The Telegraph
Since 1st March, 1999
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JU fee freedom for far too few

Meritorious but poor' Have ranked high enough in the Joint Entrance Examination (JEE) to study in Jadavpur University (JU) but worried about the fees' Don’t worry, JU has scholarships that take care of the financial concerns of 25 per cent of its students.

This official promise sounds too good to be true. And it is.

Figures available from the university, of students availing of this opportunity, portray a wide gap between reality and promise. Only a little more than five per cent of the university’s students — one-fifth of the number entitled to the benefits — are being able to use them now.

Officialdom is ready with reasons for the discrepancy. Every “genuine applicant” is considered “favourably”. “The gap exists because of the gap between the facilities on offer and the number of applicants,” explained JU registrar Rajat Bandyopadhyay.

But a wide cross-section of students benefiting from the scheme, their teachers and a section of officials said the university has done little to spread the word about the scholarships or to welcome applicants.

No public announcement is made during the counselling sessions to let meritorious students from poor families know what benefits the university has on offer, allege some teachers.

Another common allegation: confronted by applicants, a section of officialdom does its best to shoo them off. “You can well understand what effect an abrasive official response can have on a teenager who comes from a village 200 km away, seeking financial help to pursue his academic dreams,” observed a senior teacher associated with the admission procedure.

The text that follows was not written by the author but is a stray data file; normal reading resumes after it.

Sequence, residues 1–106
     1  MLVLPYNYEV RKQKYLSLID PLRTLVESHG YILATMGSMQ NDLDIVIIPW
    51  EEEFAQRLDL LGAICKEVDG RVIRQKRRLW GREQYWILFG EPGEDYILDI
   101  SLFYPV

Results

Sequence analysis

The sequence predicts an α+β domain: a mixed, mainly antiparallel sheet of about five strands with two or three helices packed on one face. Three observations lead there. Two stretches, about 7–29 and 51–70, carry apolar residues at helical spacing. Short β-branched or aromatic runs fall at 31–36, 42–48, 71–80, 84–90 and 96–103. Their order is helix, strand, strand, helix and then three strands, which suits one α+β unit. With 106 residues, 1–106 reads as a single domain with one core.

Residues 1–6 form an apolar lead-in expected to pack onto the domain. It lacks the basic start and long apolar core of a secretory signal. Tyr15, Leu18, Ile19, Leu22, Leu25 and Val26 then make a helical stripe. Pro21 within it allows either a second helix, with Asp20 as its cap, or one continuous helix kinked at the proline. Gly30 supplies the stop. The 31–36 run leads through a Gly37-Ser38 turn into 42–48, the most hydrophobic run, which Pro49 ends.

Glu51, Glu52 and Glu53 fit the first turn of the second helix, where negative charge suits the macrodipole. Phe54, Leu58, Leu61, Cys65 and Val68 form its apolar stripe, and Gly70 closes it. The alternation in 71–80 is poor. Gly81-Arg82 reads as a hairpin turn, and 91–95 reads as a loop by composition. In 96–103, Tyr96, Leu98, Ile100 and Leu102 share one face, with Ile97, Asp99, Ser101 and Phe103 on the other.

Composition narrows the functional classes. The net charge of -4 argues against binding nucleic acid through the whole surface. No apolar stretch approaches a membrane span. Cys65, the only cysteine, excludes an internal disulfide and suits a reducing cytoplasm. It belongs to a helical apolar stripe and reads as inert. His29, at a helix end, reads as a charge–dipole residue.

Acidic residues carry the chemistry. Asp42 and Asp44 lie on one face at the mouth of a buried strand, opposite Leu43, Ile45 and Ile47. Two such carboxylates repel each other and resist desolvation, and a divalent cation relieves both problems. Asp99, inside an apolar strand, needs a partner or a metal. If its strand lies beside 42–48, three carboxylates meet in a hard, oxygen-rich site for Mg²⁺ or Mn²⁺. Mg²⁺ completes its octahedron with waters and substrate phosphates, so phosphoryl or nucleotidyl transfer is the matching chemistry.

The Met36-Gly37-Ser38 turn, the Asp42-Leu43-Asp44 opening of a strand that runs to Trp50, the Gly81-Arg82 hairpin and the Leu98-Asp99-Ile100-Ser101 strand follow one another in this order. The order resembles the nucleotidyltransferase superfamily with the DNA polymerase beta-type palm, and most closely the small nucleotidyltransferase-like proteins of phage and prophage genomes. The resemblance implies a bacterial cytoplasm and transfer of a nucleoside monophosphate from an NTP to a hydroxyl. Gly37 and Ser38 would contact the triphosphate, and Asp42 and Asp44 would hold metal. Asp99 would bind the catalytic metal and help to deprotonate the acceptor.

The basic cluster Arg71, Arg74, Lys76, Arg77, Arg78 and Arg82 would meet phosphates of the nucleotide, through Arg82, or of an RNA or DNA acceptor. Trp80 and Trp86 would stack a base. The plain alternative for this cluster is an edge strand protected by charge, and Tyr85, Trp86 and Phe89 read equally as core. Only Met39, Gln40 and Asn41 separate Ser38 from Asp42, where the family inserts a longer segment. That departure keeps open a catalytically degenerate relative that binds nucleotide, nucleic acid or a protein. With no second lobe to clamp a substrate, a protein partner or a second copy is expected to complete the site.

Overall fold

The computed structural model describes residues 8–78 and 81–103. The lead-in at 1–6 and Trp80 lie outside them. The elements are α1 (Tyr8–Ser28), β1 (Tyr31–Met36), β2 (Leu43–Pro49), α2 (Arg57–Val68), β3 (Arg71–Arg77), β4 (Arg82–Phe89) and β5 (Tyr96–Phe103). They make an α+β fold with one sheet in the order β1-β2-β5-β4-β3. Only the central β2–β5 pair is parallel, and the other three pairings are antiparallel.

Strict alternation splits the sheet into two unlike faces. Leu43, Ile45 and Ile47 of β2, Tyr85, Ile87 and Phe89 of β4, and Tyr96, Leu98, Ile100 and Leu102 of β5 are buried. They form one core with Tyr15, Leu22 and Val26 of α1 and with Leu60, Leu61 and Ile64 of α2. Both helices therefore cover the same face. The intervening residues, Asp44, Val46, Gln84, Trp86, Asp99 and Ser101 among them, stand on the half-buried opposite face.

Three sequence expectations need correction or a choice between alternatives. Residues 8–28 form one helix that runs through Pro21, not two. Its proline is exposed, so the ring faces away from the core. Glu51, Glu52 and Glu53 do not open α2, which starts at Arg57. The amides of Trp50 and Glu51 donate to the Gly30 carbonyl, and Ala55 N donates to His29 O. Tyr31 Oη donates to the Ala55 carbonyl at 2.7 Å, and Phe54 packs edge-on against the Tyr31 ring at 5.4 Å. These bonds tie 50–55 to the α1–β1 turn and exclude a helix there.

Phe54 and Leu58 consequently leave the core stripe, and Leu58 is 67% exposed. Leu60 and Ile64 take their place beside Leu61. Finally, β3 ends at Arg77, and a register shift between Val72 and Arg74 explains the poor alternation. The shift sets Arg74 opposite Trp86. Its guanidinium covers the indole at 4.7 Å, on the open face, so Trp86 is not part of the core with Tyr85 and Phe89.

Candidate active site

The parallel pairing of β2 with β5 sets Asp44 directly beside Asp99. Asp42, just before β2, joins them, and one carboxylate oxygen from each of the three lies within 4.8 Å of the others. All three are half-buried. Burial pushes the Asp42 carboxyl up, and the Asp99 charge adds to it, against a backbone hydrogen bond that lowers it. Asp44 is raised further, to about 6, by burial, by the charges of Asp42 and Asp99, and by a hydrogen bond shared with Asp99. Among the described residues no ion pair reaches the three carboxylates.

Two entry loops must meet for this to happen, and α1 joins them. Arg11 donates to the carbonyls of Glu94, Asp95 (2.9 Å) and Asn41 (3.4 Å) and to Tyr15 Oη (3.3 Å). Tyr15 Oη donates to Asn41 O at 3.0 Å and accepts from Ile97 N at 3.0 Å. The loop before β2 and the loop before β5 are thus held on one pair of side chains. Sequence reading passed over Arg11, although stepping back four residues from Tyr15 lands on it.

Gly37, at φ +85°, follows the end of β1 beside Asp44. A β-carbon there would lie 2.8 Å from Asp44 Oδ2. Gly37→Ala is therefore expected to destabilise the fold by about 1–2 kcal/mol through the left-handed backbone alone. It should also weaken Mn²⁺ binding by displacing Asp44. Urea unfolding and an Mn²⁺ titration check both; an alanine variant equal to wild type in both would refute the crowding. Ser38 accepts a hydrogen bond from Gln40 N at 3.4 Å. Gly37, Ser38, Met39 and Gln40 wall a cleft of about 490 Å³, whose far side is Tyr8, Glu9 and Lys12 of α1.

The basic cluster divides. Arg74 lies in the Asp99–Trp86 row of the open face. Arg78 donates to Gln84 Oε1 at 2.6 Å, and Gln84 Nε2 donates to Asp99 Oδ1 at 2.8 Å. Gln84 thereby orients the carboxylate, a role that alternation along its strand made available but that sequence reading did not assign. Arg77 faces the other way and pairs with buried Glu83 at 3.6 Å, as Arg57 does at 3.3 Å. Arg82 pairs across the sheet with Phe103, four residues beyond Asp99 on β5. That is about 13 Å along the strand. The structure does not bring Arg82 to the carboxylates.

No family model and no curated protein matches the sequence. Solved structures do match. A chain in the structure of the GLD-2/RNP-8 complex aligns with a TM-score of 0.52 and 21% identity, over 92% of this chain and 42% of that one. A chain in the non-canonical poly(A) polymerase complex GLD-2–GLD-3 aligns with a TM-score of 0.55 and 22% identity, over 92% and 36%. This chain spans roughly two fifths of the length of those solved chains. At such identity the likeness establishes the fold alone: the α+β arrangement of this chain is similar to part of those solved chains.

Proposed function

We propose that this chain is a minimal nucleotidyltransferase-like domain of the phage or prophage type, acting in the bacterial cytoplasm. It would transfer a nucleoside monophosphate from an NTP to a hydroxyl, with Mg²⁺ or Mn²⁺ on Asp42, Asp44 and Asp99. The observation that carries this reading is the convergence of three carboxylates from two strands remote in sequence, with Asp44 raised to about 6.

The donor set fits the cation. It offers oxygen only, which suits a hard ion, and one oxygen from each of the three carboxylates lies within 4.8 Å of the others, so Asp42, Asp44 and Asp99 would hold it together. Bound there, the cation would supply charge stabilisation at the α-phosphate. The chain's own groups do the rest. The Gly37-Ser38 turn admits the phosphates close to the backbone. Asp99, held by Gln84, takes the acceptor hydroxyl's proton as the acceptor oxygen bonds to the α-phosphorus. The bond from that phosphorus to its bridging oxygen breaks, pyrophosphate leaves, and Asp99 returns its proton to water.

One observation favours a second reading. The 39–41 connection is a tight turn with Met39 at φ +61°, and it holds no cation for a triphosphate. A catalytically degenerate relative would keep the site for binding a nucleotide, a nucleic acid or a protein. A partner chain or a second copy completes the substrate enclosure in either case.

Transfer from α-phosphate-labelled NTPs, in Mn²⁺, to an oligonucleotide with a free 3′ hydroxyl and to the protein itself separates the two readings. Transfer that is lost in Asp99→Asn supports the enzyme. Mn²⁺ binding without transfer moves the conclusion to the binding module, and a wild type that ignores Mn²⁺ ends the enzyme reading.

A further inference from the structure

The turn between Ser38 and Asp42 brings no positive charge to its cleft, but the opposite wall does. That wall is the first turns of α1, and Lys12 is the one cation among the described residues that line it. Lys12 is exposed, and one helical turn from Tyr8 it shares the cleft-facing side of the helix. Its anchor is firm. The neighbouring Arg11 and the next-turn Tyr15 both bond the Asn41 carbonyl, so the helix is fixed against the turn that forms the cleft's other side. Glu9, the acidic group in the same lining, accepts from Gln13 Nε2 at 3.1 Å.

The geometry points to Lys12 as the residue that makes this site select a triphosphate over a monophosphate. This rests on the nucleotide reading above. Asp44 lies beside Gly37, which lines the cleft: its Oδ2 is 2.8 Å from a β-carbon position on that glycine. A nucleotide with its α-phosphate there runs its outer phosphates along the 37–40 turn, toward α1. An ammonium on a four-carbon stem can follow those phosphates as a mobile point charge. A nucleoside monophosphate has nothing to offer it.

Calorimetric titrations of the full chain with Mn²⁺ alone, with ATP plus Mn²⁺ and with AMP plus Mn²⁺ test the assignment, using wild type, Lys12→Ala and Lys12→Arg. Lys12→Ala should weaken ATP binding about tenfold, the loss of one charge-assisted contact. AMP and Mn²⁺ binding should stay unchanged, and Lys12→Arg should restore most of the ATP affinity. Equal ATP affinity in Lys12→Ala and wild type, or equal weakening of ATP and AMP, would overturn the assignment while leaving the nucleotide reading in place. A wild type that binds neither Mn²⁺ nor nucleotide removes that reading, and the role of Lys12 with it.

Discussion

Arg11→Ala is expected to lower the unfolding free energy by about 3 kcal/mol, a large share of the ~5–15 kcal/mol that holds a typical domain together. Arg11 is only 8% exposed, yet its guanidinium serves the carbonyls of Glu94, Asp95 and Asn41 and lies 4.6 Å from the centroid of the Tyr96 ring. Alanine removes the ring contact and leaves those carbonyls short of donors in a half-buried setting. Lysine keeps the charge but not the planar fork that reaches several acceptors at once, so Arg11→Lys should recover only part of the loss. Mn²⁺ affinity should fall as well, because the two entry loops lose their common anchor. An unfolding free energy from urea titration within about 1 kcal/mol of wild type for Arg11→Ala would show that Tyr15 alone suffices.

JU has around 10,000 students on its rolls. The engineering, science and arts faculties have different annual tuition fee-structures, varying from the university-subsidised rates (of anything between Rs 1,150 and Rs 2,650) for most subjects to the steep Rs 35,000-plus rates for self-financed courses like IT.

The university has a facility that allows the fees of 15 per cent students to be waived. Another 10 per cent can pay half the fees. This is on paper. The fact is that 449 students are availing of the first scheme and around a hundred are availing of the second. The two numbers add up to a little more than five per cent of the promised facilities.

Registrar Bandyopadhyay, however, said the university followed “an open-door” system. “Anyone can approach me… Even last year, I helped a poor Muslim boy get a scholarship,” he said. There were occasions when he “had taken one look at a student” and promptly arranged for the waivers, he added.

What of the few students availing of the fee waivers' “It may mean that most of our students do not need these schemes,” concluded the registrar.

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